During my conference this week, I had lunch with a beautiful new friend named Katie (pictured above). We were on the topic of kids and how I love being an aunt and playing that role. I feel extremely fortunate to have nieces and nephews in my life. Katie then dropped this knowledge:
“Once I had a child, I have been very intentional about making sure that my child doesn’t see me as their only person that can guide, comfort, and care for them. My job as a mom is not to be her everything, but that it’s my job to make sure she has a community of people in her life that can give her everything she needs.”
This sparked two very important concepts that I immediately wanted to explore more on.
#1: In relationships, we cannot be everything for someone.
- In romantic relationships, you cannot fulfill every role that your partner needs.
- As a parent, you do not have to be the sole nurturer for your child to help them grow and develop,
- As a leader, you do not have to be the only person responsible for your employees’ development.
- As HR, you are not the sole department responsible for positive company culture.
This is not to say you should ditch all responsibilities and throw caution to the wind, but feeling the immense pressure to completely fill this role might be causing you to not show up as your best self. It’s exhausting. It’s draining. And it’s not fair to you, or the other people in the relationship. I know, it’s easy to stay as the ‘ultimate fulfiller’ because of guilt, pride, or it’s simply just “what you do!” But the end result is not always pretty, my friends.
#2: Do you have relationships that you expect the other person to be all things to you?
It’s a hard truth to face, but I really encourage you to get curious with this question.
In the early years of dating my husband, I fully acknowledged that he was an introvert and that going out wasn’t always fun for him. But I would get so frustrated when Friday rolled around and he preferred to stay in rather than go out. By working through this (with his help), I realized I was expecting him to fulfill a role that I had other people in my life to fulfill. While he is my everything, he didn’t need to provide everything, because I had other people in my circle to go and socialize with. And it is the gifts he brings that I would never change.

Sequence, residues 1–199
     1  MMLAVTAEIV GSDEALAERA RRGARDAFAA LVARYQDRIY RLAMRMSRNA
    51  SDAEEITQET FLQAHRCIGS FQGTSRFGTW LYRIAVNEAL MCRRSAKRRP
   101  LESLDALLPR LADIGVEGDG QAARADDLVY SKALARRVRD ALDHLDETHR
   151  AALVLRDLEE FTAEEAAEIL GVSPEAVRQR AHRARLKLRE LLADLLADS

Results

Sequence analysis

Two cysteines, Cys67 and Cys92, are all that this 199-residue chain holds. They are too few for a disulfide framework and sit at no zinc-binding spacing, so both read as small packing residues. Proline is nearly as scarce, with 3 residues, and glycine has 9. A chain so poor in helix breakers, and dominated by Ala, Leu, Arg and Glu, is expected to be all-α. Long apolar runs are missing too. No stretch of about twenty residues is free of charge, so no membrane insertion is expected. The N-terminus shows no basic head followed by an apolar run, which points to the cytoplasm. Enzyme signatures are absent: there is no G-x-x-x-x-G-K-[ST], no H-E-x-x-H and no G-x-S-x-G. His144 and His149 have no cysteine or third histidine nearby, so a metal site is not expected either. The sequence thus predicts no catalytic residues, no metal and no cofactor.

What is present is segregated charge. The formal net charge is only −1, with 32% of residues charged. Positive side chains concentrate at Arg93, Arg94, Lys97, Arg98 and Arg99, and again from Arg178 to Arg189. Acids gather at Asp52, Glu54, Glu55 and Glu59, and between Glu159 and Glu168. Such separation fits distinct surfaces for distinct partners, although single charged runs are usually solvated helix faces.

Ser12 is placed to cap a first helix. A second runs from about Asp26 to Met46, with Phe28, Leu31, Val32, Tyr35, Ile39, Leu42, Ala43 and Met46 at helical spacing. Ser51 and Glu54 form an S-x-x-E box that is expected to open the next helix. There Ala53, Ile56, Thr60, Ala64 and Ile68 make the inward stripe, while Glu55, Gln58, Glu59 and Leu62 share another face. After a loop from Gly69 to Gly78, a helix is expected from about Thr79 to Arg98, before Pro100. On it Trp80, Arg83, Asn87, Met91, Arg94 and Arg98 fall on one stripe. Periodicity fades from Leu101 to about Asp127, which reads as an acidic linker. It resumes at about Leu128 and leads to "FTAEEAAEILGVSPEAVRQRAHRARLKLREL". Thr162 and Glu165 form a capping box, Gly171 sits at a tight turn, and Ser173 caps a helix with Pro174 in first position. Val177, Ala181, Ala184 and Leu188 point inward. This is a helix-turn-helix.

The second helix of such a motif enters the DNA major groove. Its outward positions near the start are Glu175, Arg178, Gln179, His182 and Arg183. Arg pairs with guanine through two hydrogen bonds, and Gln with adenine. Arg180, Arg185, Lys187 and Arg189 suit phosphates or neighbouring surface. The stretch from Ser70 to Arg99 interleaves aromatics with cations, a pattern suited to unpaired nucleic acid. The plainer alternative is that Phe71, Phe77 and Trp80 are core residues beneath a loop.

In the career world, it’s easy to fall into the trap of expecting your boss to be the ultimate, all-knowing, all-giving pillar. But why should one leader hold your entire future in their hands? I once got passed over for a job when I first deciphered I wanted to go into training. I felt like my boss wasn’t giving me the opportunity to grow this muscle. I spent a lot of time complaining and growing frustrated. Finally, my coworker Rita said, “You’re giving your boss a lot of power over your future.” Ultimately, she was saying I was expecting everything from my boss. I was putting my future, my happiness, my development in someone else’s hands, but I wasn’t taking responsibility myself to grow in this area. So, I found a mentor, she introduced me to the Drake Master’s program, and the rest is history!
Overall I think these two concepts illustrate the ever-growing importance of community. Find your tribe. Find your people. That community is going to help you be at your best. And conversely, you are going to be part of someone else’s tribe that help them show up as their best self. It’s a beautiful symbiotic relationship.
- When do I put pressure on myself that I need to be all things for someone in my life? How can I challenge this rule so I can be my best for them right now?
- Who are people in my life that I expect to be all things for me? Who else in my community can fulfill roles that I expect this other person to play?